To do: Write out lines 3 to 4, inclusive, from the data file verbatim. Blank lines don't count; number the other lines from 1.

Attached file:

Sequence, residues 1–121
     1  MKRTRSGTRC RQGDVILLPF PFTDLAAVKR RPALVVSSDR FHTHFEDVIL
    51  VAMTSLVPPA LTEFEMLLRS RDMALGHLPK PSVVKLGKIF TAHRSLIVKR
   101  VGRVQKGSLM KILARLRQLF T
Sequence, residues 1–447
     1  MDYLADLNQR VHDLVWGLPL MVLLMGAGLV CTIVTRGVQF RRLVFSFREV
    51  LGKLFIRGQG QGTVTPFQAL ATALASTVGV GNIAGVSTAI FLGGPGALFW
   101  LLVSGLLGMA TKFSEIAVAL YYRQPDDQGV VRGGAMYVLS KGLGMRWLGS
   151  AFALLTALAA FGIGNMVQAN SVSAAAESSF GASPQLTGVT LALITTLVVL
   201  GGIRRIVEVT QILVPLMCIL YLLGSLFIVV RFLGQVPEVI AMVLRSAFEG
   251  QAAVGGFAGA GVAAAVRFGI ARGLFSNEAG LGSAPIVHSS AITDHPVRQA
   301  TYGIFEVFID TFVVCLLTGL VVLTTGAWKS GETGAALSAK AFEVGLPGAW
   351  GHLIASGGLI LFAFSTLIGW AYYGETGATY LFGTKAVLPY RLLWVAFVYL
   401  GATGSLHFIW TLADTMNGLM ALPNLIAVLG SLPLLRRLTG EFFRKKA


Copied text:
    51  VAMTSLVPPA LTEFEMLLRS RDMALGHLPK PSVVKLGKIF TAHRSLIVKR
   101  VGRVQKGSLM KILARLRQLF T